Kumaraswami Sastri, J.
1. Defendant 5 is the appellant. He purchased the property in dispute in execution of a mortgagee decree in Suit No. 464 of 1919. This was a. suit filed by the second mortgagee impleading the first mortgagee and the mortgagor and his sons. The sale certificate issued to the appellant says that the property was sold to him for Rs. 500 in execution of the decree in that suit. Then a note is made in the sale certificate that the plaint item properties were sold after giving notice of the fact of the hypothecation thereof Rs. 1 000, by defendant 1 to one Subba Goundan. I have little doubt that the sale was subject to the first mortgage as there was nothing to show that the sale was free from the first mortgage, a fact that ought to have been stated in the sale certificate if this were so. The present suit is by the first mortgagee against the mortgagor and his sons, defendant 1 being the mortgagor, defendants 2-4 his sons, and defendant 5 being the present appellant impleaded as party because he purchased an interest in one of the items of property. Defendant 5 in that suit raised an objection that the first mortgage not being binding on defendants 2-4, the sons of defendant 1, the first mortgage could not be enforced against him, the purchaser of the property in the previous suit.
2. The Subordinate Judge, though he was of the opinion that the first mortgage as regards ‘this item was not binding on defendants 2-4 held that defendant 5 could not take advantage of this as he purchased the property subject to the mortgage and was estopped from disputing its validity as the truth and validity of this mortgage was in issue in the previous Suit No. 467 of 1919. The proceedings in the prior suit have not been filed, but it is clear that in the prior suit the first mortgage not being in question, unless there is something in the pleadings in that suit to raise in issue the validity of the first mortgage, it is difficult to see how there can be any res judicata in this case, much less any estoppel against the purchaser in the previous suit. He may be bound by the proceedings under the ‘ second mortgage or a declaration relating to that mortgage, but there was nothing to put in issue the first mortgage. It is difficult to see how he is estopped from disputing the first mortgage. It is not argued before me that if the first mortgage was invalid in law owing to want of registration or attestation or any other cause it would not be open to the purchaser in the second mortgage who bought it subject to the first mortgage to set up the invalidity and thus acquire a title free from that mortgage. I would only refer to Issat-un-nissa Begum v. Partab Singh  31 AIL 583, Mr. Govindaraghava Ayyar’s contention is that as this transaction is not void but on the finding of the Subordinate Judge only voidable at the instance of the sons, defendants 2-4, it is a purely-personal right to them which a transferee cannot avail himself of. The second argument is that it must be deemed that in the previous suit the sons having elected not to avoid the first mortgage and as the property was sold subject to the first mortgage, it is not open to the purchaser to avoid it.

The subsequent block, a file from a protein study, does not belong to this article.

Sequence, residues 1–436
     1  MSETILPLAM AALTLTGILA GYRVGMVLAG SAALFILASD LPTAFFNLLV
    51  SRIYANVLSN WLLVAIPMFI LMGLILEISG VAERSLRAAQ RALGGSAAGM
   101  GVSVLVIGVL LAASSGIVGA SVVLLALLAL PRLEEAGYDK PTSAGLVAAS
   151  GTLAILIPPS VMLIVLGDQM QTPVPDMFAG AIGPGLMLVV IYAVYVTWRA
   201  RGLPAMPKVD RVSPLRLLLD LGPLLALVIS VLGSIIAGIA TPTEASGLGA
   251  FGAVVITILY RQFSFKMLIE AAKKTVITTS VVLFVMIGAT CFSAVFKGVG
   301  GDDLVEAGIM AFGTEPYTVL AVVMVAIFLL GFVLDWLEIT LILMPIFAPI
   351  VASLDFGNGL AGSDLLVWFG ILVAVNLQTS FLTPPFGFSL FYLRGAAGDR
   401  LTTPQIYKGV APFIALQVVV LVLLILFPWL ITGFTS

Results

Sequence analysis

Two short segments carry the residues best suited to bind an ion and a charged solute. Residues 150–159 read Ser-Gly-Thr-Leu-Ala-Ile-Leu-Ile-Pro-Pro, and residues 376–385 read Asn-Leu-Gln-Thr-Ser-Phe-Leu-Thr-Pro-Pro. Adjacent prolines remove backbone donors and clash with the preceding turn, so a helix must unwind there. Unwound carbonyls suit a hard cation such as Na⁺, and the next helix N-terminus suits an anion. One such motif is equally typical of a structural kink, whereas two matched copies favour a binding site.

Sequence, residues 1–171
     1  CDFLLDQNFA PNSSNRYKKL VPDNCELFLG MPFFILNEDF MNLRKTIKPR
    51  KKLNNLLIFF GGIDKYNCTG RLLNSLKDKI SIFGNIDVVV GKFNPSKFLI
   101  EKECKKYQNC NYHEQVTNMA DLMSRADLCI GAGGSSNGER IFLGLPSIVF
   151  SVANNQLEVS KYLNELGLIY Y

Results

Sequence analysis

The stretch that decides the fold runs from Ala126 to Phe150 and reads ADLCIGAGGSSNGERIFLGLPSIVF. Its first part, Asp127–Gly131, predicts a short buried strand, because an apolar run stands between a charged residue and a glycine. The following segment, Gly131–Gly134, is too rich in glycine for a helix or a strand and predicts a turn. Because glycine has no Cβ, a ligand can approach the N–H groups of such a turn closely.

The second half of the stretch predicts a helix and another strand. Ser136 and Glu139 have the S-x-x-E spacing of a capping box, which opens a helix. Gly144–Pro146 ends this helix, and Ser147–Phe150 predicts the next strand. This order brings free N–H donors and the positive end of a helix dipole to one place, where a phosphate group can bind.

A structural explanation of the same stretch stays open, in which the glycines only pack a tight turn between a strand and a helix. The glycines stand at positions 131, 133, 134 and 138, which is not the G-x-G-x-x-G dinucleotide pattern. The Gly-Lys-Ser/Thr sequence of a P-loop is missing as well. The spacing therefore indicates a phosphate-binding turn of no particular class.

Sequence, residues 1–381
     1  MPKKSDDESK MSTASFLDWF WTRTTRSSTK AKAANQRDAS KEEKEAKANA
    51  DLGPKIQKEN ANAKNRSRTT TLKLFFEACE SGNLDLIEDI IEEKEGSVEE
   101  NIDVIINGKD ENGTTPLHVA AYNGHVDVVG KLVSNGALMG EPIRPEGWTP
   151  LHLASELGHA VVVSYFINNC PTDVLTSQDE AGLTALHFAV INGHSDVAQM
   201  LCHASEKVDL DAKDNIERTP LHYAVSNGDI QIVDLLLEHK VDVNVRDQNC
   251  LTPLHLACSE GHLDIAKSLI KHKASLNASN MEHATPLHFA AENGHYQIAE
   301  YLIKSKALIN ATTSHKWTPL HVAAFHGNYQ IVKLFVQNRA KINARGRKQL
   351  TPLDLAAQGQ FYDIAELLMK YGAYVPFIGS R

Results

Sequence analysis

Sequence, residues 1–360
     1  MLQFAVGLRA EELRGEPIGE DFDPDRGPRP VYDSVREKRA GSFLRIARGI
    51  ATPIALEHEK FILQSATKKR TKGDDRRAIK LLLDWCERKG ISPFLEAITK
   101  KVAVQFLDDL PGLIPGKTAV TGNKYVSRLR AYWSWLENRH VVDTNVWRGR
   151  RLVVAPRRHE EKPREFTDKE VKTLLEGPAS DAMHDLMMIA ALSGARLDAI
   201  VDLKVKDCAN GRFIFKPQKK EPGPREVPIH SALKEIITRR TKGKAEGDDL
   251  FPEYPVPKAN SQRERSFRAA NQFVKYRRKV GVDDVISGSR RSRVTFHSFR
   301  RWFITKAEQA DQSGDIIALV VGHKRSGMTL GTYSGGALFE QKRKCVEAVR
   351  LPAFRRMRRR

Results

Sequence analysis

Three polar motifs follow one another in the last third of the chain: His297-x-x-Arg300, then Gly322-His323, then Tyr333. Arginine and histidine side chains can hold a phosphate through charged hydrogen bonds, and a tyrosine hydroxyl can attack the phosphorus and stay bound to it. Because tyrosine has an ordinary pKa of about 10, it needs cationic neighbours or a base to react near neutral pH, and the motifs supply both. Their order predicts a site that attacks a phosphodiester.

3. I am of opinion that if the contract is voidable and if defendants 2-4 had prior to the purchase by defendant 5 done anything to show that they have elected to affirm the transaction, defendant 5 as the purchaser subsequent to the ratification cannot reopen the question on the ground that he is a purchaser. Mr. Govind-raghava Ayyar’s argument is that they have done so or should be deemed to have done so by reason of the proceedings in the first suit. There is nothing in the record from which I can come to any conclusion and I think the proper course will be to call for a finding as to whether in the previous suit by reason of the pleadings, the evidence or any other circumstance in connexion with that suit defendant 2-4 can be said to have elected to ratify this mortgage and to be bound thereby. I may say that so far as the father’s share at least is concerned there can be no question that the purchaser is bound by the first mortgage and as he is bound by the mortgage there is no question of ratification by the father. Findings in one month and objections in two weeks.
4. (The finding of the Subordinate Judge was as follows:) * * * * ** ** I therefore submit a finding that there is no ratification, express or implied, so far as defendants 3 and 4 are concerned and that as regards defendant 2 ratification may be inferred from his not having contested the present suit. Findings accordingly. (After the return of the finding of the lower appellate Court, the Court delivered the following judgment.)
5. I find it difficult to see how ratification can be inferred by defendant 2 not having contested the present suit. He has no interest and therefore did not contest this suit. The finding I called for is as regards the previous suit and the finding is that nothing in the record of the previous suit shows ratification. I accept the finding that defendants 3 and 4 did not ratify and hold that defendant 2 did not ratify.
6. The property was sold by Court in execution and the purchaser has a right to sue to set aside transactions connected with the property which the judgment-debtor had. The transfer is not merely of the right to sue, but the transfer is of the property with all the rights which the judgment-debtor had; Dickinson v. Burrell, Anne Dickinson v. Burrell, and Stutton v. Burrell  1 Eq. 337, are in point. I modify the decree of the lower Court by confining the decree only to 2/5ths of the property. The parties will pay and receive proportionate costs throughout.